How to Live an Effortless Life | Midori by the Sea | New Year Resolution

Everyone has 24 hours a day, but it’s not a fair game for everyone.

If there are specific goals that we want to achieve in our busy lives, then we’d need to squeeze space for completing them.

For example, I want to exercise for 30 minutes and read for an hour every day. I need an extra hour and a half to continue my work, social and rest as usual.

Our goals usually get pushed aside when there are more important things to do, and we don’t have enough time. This newsletter will tell you how to find extra time.

Prioritise January Goals

My previous issues and this video shows you how I set new year resolution with January-specific goals. January goals help us to adjust our schedule and prioritise our goals. You can check out my video here:

The January goals are usually exact with time. As mentioned, I need an extra hour and a half to read and exercise. So I must look at where I can take time out.

And the answer is: cheat the admin.

Time is our most scarce resource

Here’s an economic concept you must understand: opportunity cost.

Opportunity cost refers to the loss of other alternatives when one alternative is chosen. For example, if we decide to spend 15 minutes on laundry, we will lose 15 minutes on more productive things. This ranges from exercising and quality time with family to rest and meditation.

We must outsource, automate and regularise as much of these menial tasks as possible.


Here is a non-exhaustive list of what I have subscribed to. The suppliers deliver the service/product to me regularly without me clicking another button, and I will never go out of supply:

protein shake, coffee beans, female sanitary products, toiletries, cleaning products, detergent, tissue paper, water filter, insurance

You might think that doing this will stop you from seeking a good deal.

Agreed to an extent. We should regularly check-in to ensure we are in a decent deal, maybe every half a year or a year. But otherwise, spending time scouting for good deals, including supermarkets, will waste our time. In the long run, it’s likely to make us less productive and poorer.


Apart from cleaning service, I recommend people outsourcing their accounting and taxes. It’s a complicated area and frankly annoying. So if you have a side business, use Xero, a spreadsheet or even a bookkeeper to keep track of your income and expenses. Leave the rest of the compliance and filing to a qualified accountant.

I am also a practising UK Chartered Accountant, so you can talk to me about it. Just drop me an email at:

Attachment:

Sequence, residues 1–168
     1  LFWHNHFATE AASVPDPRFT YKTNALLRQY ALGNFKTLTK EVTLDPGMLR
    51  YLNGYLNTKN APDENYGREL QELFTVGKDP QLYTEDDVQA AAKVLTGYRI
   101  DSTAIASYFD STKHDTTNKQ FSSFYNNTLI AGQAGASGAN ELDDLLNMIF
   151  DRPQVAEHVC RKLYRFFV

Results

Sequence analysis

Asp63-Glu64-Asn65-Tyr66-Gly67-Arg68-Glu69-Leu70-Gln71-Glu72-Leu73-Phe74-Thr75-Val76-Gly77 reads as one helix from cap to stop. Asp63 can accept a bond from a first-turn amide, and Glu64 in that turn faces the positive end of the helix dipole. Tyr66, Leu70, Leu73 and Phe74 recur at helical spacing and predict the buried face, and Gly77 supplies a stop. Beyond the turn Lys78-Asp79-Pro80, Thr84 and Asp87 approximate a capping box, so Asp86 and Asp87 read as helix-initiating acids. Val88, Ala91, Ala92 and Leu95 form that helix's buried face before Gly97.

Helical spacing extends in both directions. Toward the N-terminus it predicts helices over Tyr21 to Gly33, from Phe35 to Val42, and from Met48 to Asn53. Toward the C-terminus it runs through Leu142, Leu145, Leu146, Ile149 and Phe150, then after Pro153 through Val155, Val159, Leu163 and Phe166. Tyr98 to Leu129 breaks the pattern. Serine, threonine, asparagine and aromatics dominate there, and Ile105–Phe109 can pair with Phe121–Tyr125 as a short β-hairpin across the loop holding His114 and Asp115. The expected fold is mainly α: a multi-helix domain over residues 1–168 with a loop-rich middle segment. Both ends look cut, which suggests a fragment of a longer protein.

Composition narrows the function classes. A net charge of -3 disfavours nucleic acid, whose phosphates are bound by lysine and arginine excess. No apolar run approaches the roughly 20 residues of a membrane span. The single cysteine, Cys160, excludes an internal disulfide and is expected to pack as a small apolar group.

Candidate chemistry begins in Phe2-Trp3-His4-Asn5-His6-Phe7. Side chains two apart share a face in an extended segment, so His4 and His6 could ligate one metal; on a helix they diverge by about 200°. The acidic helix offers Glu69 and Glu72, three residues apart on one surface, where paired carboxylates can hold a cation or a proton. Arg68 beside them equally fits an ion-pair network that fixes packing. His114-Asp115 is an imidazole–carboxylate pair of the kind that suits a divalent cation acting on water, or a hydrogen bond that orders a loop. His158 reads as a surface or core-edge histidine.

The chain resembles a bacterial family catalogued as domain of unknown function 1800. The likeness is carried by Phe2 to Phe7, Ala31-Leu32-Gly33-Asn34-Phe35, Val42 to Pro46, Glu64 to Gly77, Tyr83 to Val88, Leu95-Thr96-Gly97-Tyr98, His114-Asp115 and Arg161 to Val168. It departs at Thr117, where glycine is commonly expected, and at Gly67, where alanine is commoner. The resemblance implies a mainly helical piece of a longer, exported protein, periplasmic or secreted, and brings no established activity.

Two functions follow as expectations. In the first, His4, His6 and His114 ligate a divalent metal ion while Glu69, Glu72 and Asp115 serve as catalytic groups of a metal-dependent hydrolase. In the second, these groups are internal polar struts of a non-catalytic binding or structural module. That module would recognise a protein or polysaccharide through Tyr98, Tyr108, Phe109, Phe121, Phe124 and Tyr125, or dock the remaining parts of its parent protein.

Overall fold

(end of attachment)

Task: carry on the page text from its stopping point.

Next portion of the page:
If you are a landlord, leave the tenant management to a real estate agent you can trust. Or even a rent collection service so that if your tenant is not paying rent, someone will take care of it.

This gives you peace of mind and knows that the critical side of things is in order.


Please take some time to automate your investments! Start with Benjamin Graham’s book Intelligent Investor and learn about Dollar Cost Averaging.

There are so many companies/apps that can help you save and invest without you even knowing. Such as Moneybox rounds up your expenses and put them on an ISA.

Take some time before January ends to see if you have optimised your hard-earned savings. Are they sitting in a saving account with an interest rate lower than the inflation rate?

Bonus tip: meal times

For many, cooking and dining with family and friends are the only time to connect with them. How can we optimise our times with our loved ones without sacrificing our productivity, diet and health? Here are a few things I do.

  • Recipe box: regularise, nutritious, combat food waste, variety
  • Cook whilst you eat: Asians are familiar with the concept of on the dining table hotpot and grill. The only preparation is to wash raw ingredients, cut up vegetables and present them raw on the table. Then everyone cooks, eats and chats at the same time. No one is hiding in the kitchen. That optimises time together, and if done right, it can be nutritious (try Japanese nabe as opposed to Chinese hotpot soup base, for example). I recently bought a Bruno multi-functional pot-pan. Wait for my unboxing video and tips by subscribing to my Youtube Chanel here!
  • Sparkling water: As a former-corporate accountant, I had spent a lot of time in the pub trying not to get drunk. Alcohol is fun, but excessive drinking is unhealthy, might risk alcoholism and the hungover next day is horrible and productivity-diminishing. I have learned to have one glass of wine or gin, then substitute with sparkling water (add some diluted syrup or a squeeze of lime for flavour) for the rest of the night. This helps so much and keeps conversation intellectual, too (!)


This has become a huge trend lately with the Minimalists and Marie Kondo. I have my own share of experience with it as I packed my boxes and moved down to Brighton during the pandemic. Here’s my popular article about how I treat my clothes that might help you kick start the journey or play around with the idea.

But committing to minimalism takes a lot of effort, and if done half-heartedly, we will end up with more stuff than before. So I am not going to elaborate further here. The above tips are practical enough for creating more time in your life for meaningful activities and achieving life goals!

That’s a wrap!

Are you going to do some regularisation today then?

Next week I will talk about an ugly topic that stops us from achieving our goals. We have touched on self-limiting beliefs previously, and we will dive deeper into what’s stopping us. We will also look at how people we associate with can make or break us.

Stay tuned, and if you like this, share this with your friends PLEASE!

Midori x



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Midori by the Sea

I write about self-development, run study-with-me live streams and quit my corporate job to become a novelist. 🇭🇰🇬🇧